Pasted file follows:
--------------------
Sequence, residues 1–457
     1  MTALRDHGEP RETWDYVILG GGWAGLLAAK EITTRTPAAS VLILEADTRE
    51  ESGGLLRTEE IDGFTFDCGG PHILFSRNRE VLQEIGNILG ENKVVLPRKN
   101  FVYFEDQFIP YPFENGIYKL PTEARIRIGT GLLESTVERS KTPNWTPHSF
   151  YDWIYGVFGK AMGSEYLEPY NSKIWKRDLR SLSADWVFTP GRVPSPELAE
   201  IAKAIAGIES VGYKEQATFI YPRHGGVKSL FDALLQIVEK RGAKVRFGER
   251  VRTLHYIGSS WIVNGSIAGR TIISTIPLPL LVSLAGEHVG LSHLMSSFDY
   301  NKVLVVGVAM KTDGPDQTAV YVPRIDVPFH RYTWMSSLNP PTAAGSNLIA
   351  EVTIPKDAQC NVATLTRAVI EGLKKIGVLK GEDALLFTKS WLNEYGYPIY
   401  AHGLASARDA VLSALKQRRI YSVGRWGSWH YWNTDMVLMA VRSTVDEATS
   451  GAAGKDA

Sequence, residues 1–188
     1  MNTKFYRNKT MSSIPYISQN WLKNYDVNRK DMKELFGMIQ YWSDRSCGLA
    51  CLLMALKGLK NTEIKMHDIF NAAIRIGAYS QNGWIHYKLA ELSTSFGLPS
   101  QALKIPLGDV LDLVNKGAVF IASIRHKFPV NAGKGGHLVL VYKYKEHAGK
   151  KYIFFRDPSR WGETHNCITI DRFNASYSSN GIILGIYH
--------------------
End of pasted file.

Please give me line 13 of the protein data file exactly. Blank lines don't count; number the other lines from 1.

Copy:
     1  MNTKFYRNKT MSSIPYISQN WLKNYDVNRK DMKELFGMIQ YWSDRSCGLA